TIFF 2018: Hans Zimmer on The Dark Knight, Wonder Woman 1984 & More
Hans Zimmer is no stranger to working with directors who have a ferocious passion. Yesterday, we published our interview with the Oscar-winning composer about his score for Steve McQueen’s thrilling crime drama Widows. Zimmer’s minimalist, intimate score blended perfectly with McQueen’s film about three women navigating the criminal underworld in Chicago to pull off a nearly impossible bank heist. They’re attempting to pay off their dead husband’s deaths and forge their own paths, and their predicament is both fantastically thrilling and searingly personal. Zimmer’s score, eschewing bombast for nuance, manages to convey their struggle in ways both surprising and moving.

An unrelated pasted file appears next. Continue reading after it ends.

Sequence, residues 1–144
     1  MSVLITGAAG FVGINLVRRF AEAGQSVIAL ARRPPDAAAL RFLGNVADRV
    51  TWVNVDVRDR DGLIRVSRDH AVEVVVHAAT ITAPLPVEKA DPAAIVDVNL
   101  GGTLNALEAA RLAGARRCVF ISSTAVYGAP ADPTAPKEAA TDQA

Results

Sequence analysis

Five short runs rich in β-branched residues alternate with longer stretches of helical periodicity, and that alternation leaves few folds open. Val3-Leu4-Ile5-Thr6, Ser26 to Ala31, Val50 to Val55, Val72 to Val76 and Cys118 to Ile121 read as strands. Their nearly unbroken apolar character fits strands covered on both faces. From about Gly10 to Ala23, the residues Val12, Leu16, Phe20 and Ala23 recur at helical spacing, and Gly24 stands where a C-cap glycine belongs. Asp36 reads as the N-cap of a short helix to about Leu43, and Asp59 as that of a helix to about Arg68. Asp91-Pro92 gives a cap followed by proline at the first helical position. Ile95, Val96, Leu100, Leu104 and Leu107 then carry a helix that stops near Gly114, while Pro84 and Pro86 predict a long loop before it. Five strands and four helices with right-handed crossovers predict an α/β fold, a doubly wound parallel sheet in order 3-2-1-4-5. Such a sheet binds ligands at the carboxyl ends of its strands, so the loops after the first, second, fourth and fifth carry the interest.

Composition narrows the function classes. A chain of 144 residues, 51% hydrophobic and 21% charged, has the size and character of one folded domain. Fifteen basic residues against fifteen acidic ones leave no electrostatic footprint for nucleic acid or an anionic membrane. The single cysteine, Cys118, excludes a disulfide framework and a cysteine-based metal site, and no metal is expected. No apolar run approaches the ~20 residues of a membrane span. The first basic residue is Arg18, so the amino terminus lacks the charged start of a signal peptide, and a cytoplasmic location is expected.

During our conversation with the affable composer, we couldn’t help but dip into his long, astonishing career and discuss his work on what are now iconic films. Here is that part of our discussion, which had to be cut from the first interview due to length, beginning with Zimmer’s experiences working on Christopher Nolan’s Dark Knight trilogy, specifically the game-changing second film in which Heath Ledger turned in arguably the most exceptional performance of any actor in any superhero film, ever.
I’ve got your score for The Dark Knight in a Spotify playlist—can you tell me about your experience working on what turned out to be a game-changer for the superhero genre?
I’m sorry if I’ve ruined your day sometimes. I’m sorry to throw you into a really dark mood. The whole point of especially that score, I was trying to create a world. Obviously Gotham doesn’t exist itself, but I had fun creating a world that we might or might not live in, so yes, when you’re on the subway, you will listen to it differently, and you will have a different experience.
How much of your time working on The Dark Knight was spent thinking about the Joker?